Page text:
The next morning hiking was not on the list of things I wanted to do that day, but Pulse was already out of camp and I told her I would meet her, so that’s final, I’m going. Three miles into the hike there is a coffee shop, so I stop in to call my mother and be blue for a moment. Then I start hiking the Rim trail. That day the haze from forest fires was the worst it had been, and my tonsils had swelled for days due to the poor air quality, but they were at their max that day. The rim trail has a road that goes all along it with pull-offs for overlooks of the lake. A recipe: not well rested, bad air quality, an easy road to hitch on, and the simple desire to no longer be hiking led me to cry to people with cars trying to have a nice day visiting a national park to give me a ride 5 miles down the road.
I linked up with Pulse we had an awesome side quest to the cliff jumping spot then hiked another 12 miles that day. My morale was up.
Shelter Lake Cove
I got into a good solo groove after that day. Post-trail life and what is next for me haunts me some days, but overall, I start to love Oregon and love my slow days. I swam in every lake, gawked at every bird I’d never seen before, giggled at each chipmunk, and felt like a little woodland creator myself. I am no longer a backpacker I just live in these woods going nowhere.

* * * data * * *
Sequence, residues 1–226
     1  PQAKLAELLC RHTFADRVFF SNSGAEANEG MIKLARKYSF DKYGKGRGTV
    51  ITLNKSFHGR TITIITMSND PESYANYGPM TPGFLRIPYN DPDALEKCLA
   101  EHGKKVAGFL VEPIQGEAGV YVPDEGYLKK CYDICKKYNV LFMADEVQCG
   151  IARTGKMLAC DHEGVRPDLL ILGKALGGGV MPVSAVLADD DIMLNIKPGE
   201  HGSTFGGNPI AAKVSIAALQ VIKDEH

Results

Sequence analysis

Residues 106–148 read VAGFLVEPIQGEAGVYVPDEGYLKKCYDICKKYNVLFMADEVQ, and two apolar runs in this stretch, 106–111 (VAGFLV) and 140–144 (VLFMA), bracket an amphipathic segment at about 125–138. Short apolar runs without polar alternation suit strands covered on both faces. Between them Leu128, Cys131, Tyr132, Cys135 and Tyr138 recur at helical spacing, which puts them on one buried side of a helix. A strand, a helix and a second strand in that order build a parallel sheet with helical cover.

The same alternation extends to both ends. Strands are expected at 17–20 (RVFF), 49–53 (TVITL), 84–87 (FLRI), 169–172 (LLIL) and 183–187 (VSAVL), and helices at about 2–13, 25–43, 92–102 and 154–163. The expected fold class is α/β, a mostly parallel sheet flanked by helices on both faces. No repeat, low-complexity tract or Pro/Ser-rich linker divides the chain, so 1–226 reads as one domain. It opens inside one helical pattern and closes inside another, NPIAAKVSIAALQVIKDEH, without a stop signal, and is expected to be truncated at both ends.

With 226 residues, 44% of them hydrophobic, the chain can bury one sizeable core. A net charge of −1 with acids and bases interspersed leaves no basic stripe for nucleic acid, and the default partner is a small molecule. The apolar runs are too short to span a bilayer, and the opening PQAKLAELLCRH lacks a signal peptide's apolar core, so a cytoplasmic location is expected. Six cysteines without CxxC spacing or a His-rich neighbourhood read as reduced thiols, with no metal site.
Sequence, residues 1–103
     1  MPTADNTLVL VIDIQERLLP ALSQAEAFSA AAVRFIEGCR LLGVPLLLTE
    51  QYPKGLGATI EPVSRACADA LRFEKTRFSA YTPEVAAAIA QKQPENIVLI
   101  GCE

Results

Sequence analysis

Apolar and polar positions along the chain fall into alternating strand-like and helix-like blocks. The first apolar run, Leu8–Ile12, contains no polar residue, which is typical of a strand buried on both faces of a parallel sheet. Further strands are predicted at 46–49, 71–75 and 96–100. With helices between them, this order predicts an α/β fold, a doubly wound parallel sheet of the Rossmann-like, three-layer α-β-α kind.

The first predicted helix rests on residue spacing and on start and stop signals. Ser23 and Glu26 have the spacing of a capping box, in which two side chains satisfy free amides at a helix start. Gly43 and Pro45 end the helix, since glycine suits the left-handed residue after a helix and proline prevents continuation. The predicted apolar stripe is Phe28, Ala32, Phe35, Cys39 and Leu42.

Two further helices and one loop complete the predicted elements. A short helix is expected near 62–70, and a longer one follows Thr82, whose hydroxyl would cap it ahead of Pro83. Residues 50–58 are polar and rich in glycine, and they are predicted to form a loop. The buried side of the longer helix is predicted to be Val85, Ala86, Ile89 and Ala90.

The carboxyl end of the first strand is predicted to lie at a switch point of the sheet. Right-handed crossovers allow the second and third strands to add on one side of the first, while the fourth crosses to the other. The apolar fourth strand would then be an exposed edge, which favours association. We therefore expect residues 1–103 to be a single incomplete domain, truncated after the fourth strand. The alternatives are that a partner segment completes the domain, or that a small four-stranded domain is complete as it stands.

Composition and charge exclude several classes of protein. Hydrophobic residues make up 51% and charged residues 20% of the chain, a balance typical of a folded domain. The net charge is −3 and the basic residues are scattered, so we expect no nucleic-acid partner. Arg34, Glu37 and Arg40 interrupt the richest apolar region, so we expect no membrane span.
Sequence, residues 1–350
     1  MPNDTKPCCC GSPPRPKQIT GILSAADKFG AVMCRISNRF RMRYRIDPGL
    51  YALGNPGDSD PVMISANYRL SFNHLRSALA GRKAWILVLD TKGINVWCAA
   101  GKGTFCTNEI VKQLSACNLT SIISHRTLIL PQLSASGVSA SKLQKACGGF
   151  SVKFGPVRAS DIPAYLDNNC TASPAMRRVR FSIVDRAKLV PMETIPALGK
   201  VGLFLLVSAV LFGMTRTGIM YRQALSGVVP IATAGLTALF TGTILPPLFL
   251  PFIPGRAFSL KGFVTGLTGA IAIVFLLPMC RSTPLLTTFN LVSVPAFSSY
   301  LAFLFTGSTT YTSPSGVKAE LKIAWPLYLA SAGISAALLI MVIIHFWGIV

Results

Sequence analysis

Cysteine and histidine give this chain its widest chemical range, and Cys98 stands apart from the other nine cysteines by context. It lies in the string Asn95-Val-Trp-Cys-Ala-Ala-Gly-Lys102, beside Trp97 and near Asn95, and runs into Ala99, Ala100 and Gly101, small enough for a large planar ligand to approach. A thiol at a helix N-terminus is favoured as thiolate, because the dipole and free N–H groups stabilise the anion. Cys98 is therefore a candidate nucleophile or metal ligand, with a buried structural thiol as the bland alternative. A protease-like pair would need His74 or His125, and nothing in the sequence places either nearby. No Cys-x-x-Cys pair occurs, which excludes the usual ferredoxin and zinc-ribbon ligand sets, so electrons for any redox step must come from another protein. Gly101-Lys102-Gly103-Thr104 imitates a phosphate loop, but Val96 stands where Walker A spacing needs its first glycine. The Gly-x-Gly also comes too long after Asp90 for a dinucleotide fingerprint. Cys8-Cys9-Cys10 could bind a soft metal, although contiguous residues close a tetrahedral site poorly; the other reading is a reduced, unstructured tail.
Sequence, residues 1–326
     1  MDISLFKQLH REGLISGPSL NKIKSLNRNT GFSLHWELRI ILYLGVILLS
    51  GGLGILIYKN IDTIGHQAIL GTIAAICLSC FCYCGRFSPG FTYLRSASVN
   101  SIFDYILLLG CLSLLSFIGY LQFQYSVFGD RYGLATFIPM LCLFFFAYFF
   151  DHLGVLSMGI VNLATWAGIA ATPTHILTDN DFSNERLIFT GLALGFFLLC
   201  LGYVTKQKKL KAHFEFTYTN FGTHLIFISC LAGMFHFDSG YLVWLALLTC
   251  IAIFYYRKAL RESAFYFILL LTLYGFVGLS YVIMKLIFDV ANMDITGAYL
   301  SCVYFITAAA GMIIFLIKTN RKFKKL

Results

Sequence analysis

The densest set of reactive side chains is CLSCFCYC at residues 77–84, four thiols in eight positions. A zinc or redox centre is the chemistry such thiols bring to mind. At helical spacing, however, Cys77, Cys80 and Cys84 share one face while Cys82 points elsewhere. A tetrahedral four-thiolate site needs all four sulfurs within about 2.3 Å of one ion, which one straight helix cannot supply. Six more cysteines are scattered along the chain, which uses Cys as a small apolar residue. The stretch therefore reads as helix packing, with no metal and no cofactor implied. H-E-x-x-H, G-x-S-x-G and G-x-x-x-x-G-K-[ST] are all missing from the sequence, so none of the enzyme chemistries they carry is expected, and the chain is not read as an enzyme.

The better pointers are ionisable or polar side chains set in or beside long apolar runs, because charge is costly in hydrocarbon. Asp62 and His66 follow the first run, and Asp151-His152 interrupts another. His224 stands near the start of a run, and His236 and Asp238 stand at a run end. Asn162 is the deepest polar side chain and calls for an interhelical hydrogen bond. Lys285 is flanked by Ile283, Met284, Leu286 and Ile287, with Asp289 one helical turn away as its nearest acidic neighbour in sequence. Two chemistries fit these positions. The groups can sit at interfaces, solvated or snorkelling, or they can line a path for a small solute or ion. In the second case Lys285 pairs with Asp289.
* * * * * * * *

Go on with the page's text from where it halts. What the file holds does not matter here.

One day I got a 16-mile day to get to Shelter Lake Cove, a small resort where I had a resupply package waiting. On my way in I learned that a short portion of trail is closed due to a fire a bit ahead of the Resort and the resort is the easiest off spot if wanted to skip the section. I decided that once I get wifi I will look into the closure and then make a decision to find a reroute or find a ride up to Bend skipping around 80 miles.
I’m not even there in the parking lot for a minute and a trail angel is dropping off three hikers who skipped the closure and he’s offering me a ride to Bend free of charge right then and there. Not much time to weigh my options I pick up my package and get in his car. Within 20 minutes of the car ride, I regret my choice. I know my boys behind me will find a reroute and thus be even further behind me, I don’t want to miss more miles, there is an easy trail alternative, and I now have to spend a night in Bend which I wasn’t planning to do even a few days from then.
Of course, I still managed to enjoy my time in Bend! It’s the biggest town on trail (fact check) and multiple different breweries give PCT hikers a drink for free. So Vortex, whom I met back in Kennedy Meadows South (1,287 miles ago), and I along with three SOBOs go on a free beer bar hop around town. The next morning, I got all my chores done then had a ride back to trail with a trail angel that Vortex arranged.
I decided to walk Southbound for a day to get to see the Obsidian area. With not being elated with my choices and feeling like other people’s decisions are more desirable than my own I was significantly bummed. Going to see the obsidian area made me feel better, I got to reclaim some missed miles and decrease the days between me and my boys. So a total of 66 miles missed from the fore clousur which is only 20 miles.